Bladder Pain Specialist
Maiden Lane Medical
Multi-Specialty Group Practice located in New York, NY
Frequent trips to the bathroom can make life uncomfortable. If you are experiencing frequent urges to use to bathroom coupled with pain, seek the expertise of a medical professional. You may be experiencing the symptoms of a condition called bladder pain syndrome.
Our doctors at Maiden Lane Medical in Manhattan, NY utilize advanced comprehensive testing and diagnostic methods to provide an accurate diagnosis for acute and chronic bladder pain. With our experienced team by your side, you can trust that you will receive an effective treatment plan personalized specifically for you. Schedule an appointment today!
What Is Bladder Pain Syndrome?
Bladder pain syndrome (BPS), also called interstitial cystitis (IC), is defined as bladder discomfort that lasts for more than six weeks and occurs in the absence of an underlying cause, such as a urinary tract infection (UTI). IC/BPS is a chronic pain condition.
Is There a Difference Between Bladder Pain Syndrome and a Bladder Infection (UTI)?
Yes, there is a difference between bladder pain syndrome and a bladder infection. However, bladder pain syndrome and urinary tract infections (UTIs) can easily be mistaken for one another, as they both involve noticeable bladder discomfort. The two differ in that UTIs are caused by bacteria entering the bladder and respond to antibiotics, whereas bladder pain syndrome is not treated effectively with antibiotics.
Whom Does Bladder Pain Syndrome Affect?
Bladder pain syndrome can affect anyone. However, more women than men are reported to be affected by this condition. It affects approximately 1 to 4 million men and 3 to 8 million women in the United States alone.
Bladder Pain Syndrome Risk Factors
Interstitial cystitis/bladder pain syndrome (IC/BPS) risk factors include:
Bladder Pain Syndrome Symptoms
Bladder pain syndrome symptoms can range from mild discomfort to severe pain. According to the National Institute of Diabetes and Digestive and Kidney Diseases, “Symptoms vary from person to person, may come and go, and can change in each person as time goes on.”
The most common IC/BPS symptoms include:
- Pain in your bladder region (suprapubic region)
- Pain in your pelvic floor muscles
- Lower urinary tract symptoms (urinary frequency and urgency)
- Pressure, discomfort, or pain as your bladder fills, followed by relief after urinating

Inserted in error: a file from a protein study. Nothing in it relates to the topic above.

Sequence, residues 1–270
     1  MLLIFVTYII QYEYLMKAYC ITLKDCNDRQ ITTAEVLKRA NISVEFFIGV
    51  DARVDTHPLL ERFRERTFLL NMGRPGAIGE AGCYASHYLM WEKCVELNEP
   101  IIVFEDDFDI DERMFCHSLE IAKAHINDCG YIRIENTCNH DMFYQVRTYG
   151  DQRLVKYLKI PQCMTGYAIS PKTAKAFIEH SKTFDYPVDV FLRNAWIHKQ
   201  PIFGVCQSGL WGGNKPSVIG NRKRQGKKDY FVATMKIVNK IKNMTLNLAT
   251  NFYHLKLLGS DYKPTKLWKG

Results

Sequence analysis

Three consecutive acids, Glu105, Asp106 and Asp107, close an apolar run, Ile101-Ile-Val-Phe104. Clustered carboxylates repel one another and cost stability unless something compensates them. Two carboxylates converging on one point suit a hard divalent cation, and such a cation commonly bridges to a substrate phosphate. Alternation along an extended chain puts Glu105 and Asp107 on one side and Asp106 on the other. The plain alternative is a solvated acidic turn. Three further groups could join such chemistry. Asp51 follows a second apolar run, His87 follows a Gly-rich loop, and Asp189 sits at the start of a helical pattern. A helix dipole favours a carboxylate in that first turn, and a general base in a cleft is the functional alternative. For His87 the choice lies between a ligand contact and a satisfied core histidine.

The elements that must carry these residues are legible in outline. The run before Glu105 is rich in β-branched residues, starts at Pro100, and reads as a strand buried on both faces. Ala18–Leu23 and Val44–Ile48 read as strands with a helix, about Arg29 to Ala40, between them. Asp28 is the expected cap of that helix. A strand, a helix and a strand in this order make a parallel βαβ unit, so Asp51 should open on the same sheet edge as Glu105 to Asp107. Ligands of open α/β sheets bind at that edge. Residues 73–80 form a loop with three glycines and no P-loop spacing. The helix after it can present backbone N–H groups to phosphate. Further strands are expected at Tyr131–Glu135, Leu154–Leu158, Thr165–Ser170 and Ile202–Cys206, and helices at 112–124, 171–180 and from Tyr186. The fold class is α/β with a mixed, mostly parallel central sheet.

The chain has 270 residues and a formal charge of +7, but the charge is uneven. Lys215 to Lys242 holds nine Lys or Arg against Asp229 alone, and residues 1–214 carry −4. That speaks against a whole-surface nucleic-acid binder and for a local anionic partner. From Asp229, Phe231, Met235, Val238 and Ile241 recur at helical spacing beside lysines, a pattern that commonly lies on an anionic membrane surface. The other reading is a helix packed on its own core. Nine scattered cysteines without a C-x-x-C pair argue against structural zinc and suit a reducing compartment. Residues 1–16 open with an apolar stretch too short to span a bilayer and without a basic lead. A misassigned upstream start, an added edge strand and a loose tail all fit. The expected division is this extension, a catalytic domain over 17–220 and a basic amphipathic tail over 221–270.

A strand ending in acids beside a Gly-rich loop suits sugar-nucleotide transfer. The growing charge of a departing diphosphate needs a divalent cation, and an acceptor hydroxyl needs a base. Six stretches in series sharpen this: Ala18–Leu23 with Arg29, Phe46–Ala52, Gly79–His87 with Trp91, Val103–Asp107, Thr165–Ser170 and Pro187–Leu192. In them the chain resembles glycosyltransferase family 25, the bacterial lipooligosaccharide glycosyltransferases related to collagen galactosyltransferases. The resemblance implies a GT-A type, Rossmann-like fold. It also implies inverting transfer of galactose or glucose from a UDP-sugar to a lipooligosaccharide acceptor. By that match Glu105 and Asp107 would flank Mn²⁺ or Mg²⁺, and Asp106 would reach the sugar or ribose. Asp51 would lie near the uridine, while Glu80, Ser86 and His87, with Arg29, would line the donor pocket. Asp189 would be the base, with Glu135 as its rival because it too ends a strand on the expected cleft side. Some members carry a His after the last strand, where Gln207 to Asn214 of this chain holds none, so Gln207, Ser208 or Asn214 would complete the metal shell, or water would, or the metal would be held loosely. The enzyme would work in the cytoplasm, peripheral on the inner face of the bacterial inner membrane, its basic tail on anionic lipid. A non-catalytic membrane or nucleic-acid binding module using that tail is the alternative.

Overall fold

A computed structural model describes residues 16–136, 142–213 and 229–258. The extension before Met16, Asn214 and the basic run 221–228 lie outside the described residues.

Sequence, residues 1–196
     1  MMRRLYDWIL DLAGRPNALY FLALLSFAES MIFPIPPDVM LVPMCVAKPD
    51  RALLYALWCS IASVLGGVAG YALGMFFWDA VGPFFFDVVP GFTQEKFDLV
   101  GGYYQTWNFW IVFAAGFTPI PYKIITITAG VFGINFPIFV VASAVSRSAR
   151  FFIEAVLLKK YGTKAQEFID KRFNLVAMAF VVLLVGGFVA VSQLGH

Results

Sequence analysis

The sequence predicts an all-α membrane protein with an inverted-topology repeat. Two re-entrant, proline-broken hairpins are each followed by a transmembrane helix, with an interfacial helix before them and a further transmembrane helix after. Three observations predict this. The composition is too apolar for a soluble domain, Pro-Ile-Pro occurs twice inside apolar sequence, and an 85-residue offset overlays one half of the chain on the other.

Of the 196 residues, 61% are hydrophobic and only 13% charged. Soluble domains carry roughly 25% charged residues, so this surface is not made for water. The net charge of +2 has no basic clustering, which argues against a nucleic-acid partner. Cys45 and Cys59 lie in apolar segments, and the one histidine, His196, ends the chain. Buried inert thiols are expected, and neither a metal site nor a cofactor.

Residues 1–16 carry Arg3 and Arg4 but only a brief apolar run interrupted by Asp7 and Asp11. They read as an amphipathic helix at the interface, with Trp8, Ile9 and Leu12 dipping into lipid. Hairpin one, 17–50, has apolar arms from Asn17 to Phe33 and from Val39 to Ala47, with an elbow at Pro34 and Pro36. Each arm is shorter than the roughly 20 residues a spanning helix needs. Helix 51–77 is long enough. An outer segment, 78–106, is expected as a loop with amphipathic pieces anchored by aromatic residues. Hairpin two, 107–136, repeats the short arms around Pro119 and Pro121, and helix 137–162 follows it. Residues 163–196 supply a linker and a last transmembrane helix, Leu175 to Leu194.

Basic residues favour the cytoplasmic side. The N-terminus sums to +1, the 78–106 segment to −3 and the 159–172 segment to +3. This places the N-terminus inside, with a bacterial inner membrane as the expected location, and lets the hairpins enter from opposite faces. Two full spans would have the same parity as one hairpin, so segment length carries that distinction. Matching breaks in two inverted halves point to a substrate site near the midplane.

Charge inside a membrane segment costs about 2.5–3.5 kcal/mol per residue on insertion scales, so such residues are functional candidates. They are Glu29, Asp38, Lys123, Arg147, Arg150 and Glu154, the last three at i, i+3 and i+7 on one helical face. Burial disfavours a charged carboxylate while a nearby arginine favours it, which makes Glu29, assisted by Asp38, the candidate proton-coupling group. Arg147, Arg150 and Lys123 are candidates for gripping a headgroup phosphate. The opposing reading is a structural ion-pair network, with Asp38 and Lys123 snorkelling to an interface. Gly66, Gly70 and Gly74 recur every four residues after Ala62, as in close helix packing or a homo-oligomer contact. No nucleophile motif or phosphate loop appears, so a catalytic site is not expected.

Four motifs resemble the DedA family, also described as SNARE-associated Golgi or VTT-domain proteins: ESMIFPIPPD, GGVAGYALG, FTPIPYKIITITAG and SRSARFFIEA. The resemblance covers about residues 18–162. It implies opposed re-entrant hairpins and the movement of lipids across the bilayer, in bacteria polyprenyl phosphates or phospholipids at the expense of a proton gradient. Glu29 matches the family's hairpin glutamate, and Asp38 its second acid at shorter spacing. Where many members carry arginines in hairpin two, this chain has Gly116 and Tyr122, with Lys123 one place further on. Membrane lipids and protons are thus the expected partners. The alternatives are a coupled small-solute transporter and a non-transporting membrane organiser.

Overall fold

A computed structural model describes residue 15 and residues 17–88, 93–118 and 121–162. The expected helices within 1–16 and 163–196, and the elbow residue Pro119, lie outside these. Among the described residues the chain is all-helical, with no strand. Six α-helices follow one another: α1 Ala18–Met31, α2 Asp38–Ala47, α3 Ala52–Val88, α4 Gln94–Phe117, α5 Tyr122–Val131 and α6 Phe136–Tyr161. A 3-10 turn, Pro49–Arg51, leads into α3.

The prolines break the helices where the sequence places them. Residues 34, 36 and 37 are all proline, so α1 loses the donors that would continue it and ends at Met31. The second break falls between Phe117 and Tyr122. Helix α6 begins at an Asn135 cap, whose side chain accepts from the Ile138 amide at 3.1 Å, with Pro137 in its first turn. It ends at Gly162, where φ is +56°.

- Only urinating a small amount
Are There Certain Things that Can Trigger My Condition?
Yes, there are some things that can trigger your condition, making your IC/BPS symptoms worse. These triggers can include:
- Certain foods
- Sitting for an extended period
- Sexual activity
What Causes Someone to Develop Bladder Pain Syndrome?
Unfortunately, medical providers and medical researchers do not know exactly what causes IC/BPS. Some possible but unproven contributing factors include autoimmune diseases, infection, a defect in your bladder tissue, allergies, or heredity.
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How Is Bladder Pain Syndrome Diagnosed?
To make an accurate diagnosis, your specialists will perform a physical exam and review your medical history. During your evaluation, they will assess any discomfort when you have a full bladder, the intensity of relief after urinating, and tenderness in your bladder, urethra, or pelvis.
Urine studies may also be used to confirm your diagnosis and rule out the following:
What Tests Can be Used to Diagnose Bladder Pain Syndrome?
Urine studies can be used to diagnose bladder pain syndrome. These may include the following:
- Urinalysis (urine tests)
Interstitial Cystitis Treatment and Management
While there is no cure, there is treatment available to manage your IC/BPS pain and symptoms. Your specialist will assist you in choosing the most appropriate treatment for your needs. This may include a multidisciplinary approach, including:
- Changes in your diet: For some patients, there are certain foods that aggravate their bladder symptoms even more. These foods can include alcohol, caffeine, artificial sweeteners, spicy foods, carbonated beverages, citrus fruits, and more. Your physician may recommend limiting your intake, so your symptoms do not flare up.
- Lifestyle changes: This can include limiting stress. Emotional and mental stress can make your symptoms worse. Increasing your physical activity by walking and gentle stretching exercises can help to relieve symptoms and reduce pain.
- Oral medication: Common oral medications used to help treat IC/BPS include amitriptyline (Elavil), pentosan polysulfate sodium (Elmiron), and hydroxyzine.
- Bladder instillation: If you have an acute flare of bladder pain, your physician may recommend this form of treatment. This treatment can be rendered in a simple office visit. Your physician will insert a catheter in your urethra up to your bladder. Then a combination of medications will be placed into your bladder to relieve your symptoms.
- Other treatments: Some have also found relief by means of Botulinum toxin injections, in which small doses of Botox are inserted into your bladder muscle to alleviate pain or, in severe cases, by means of surgery.
When used in conjunction with these treatments, physical therapy exercises can also help relieve pain. To maximize the effectiveness of your treatments, your physician may also suggest that you work with a psychologist or psychiatrist, and other specialists to assist you in managing any additional chronic pain syndromes that may also be present.
If chronic pain in your bladder is causing your quality of life to decline, contact our team at Maiden Lain Medical today to schedule an appointment. Our experts in Manhattan, NY today look forward to giving you the peace of mind you deserve!
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